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Thursday, 20 November 2008

Malaysia to further open sharia banking system

KUALA LUMPUR, Nov 20 (Reuters) - Malaysia will further open up its Islamic finance sector to foreign investors, the central bank chief said on Thursday, as it faces increasing competition to retain its position as the leader in the global sharia bond market.

A recent jump in Gulf oil earnings has drawn new players such as Hong Kong and Singapore into the Islamic finance industry which was once dominated by the Middle East and Malaysia.
Mostly Muslim Malaysia wants to attract more foreign investment to become a global Islamic finance hub, specialising in the origination of sharia bonds, fund and wealth management and international Islamic banking and insurance.

"We are looking at our blueprint for liberalisation which will be announced in the very near term and this will be for both the liberalisation in the conventional as well as the Islamic financial system," central bank chief Zeti Akhtar Aziz told Reuters in an interview.
"As we are evolving Malaysia into an international Islamic financial hub, the liberalisation would be at a faster pace for the Islamic financial system."
She said the blueprint would be launched before year end but declined to give any details. The measures would be part of a 10-year plan that Malaysia launched in 2001 to strengthen its financial system and encourage greater foreign participation in its economy.
Malaysia has the world's largest Islamic bond market, with $66 billion or 62.6 percent of global outstanding sharia bond issuance as at end-June.
Malaysia has been aggressively wooing Islamic assets, allowing foreign businesses to set up wholly-owned foreign currency operations in the country and offering tax breaks on profits earned from non-ringgit Islamic bond deals distributed outside the country.
Three foreign lenders -- Kuwait Finance House , Asian Finance Bank and Al Rajhi <> -- have also been allowed to set up operations in Malaysia.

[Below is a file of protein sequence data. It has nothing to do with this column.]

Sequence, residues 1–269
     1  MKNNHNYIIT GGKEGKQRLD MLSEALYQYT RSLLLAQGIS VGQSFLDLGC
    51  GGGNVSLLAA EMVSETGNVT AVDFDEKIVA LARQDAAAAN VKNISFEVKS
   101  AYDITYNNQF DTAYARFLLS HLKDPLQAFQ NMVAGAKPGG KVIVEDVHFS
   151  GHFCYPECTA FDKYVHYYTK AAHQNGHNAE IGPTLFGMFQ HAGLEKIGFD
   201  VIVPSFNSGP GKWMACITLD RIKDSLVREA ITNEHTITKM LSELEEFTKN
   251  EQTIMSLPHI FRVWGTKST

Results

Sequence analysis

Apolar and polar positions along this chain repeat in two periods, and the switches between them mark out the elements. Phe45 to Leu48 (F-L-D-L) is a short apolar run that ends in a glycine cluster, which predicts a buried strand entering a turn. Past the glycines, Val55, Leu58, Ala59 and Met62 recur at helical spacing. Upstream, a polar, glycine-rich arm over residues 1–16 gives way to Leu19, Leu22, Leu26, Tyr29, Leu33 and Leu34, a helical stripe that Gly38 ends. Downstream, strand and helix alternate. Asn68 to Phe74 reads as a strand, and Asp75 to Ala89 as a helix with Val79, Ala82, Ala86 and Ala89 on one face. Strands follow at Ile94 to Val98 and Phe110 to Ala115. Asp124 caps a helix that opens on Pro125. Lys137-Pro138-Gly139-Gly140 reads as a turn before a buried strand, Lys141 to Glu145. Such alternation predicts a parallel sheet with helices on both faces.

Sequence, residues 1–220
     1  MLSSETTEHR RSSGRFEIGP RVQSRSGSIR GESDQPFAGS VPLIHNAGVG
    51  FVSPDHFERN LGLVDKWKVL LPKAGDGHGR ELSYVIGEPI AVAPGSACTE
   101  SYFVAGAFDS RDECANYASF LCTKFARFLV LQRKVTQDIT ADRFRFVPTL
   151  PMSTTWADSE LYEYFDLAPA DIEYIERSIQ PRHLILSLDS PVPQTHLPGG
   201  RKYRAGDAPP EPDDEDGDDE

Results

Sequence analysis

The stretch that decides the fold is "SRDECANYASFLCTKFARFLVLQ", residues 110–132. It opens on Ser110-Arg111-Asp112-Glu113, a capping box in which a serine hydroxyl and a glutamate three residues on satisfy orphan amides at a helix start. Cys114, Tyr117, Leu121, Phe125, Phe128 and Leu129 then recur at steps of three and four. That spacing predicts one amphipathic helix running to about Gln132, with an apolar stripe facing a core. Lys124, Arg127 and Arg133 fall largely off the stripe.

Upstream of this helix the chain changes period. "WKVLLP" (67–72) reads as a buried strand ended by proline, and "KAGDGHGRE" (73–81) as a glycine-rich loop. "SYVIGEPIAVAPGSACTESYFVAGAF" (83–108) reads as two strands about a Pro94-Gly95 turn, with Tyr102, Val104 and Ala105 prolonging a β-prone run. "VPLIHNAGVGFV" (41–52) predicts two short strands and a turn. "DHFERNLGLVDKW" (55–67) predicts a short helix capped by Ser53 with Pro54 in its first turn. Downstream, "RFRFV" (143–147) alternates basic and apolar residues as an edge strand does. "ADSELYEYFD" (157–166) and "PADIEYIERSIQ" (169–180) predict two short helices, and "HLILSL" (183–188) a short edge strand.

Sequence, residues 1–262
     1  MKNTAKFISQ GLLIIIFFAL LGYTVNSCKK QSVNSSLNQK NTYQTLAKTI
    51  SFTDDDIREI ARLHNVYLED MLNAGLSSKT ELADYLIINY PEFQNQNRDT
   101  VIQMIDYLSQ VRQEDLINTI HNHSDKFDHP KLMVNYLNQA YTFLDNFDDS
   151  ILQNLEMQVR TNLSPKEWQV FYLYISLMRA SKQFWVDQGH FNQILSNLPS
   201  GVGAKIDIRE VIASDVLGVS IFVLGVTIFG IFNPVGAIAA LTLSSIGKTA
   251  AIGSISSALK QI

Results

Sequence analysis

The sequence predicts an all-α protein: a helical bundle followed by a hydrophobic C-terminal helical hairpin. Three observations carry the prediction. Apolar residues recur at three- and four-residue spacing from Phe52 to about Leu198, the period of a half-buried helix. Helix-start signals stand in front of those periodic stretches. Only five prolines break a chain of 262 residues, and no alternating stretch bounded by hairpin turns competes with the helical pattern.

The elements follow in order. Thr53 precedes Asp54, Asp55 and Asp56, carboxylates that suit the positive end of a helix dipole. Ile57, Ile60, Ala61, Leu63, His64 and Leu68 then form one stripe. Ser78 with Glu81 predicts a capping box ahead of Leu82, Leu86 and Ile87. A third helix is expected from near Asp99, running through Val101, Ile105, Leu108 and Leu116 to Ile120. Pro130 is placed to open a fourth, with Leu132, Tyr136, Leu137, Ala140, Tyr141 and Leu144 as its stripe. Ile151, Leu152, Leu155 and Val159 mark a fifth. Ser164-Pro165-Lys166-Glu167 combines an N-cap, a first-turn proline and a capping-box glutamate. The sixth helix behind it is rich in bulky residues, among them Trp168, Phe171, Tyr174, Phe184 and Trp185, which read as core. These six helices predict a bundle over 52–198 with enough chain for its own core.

Government backing and a ready market with a mostly Muslim population have helped Malaysia build its Islamic banking industry but some experts say it lags rivals Hong Kong and Singapore in the ease of doing business.
Zeti said the Islamic finance sector needed larger banks.
"It would be desirable to have large Islamic banks or Islamic financial institutions that could fulfil the role of putting together structures that are able to deal with very large scale investment projects and that are highly complex," she said.
The sector also needs a crisis management framework to grow, with the industry expected to be affected by the global economic downturn, she said.
"This includes having the mechanism and vehicle to preserve short-term liquidity, to remove troubled assets from the balance sheets of financial institutions and to recapitalise Islamic financial institutions," Zeti said.
Slower economic growth would affect the real estate market and hit Islamic financial institutions that are heavily reliant on this sector.
"Islamic financial institutions with a high proportion of their businesses in profit sharing business may be exposed to losses due to equity investment risk, possibly by the inability of the enterprises in generating the expected returns," she said.

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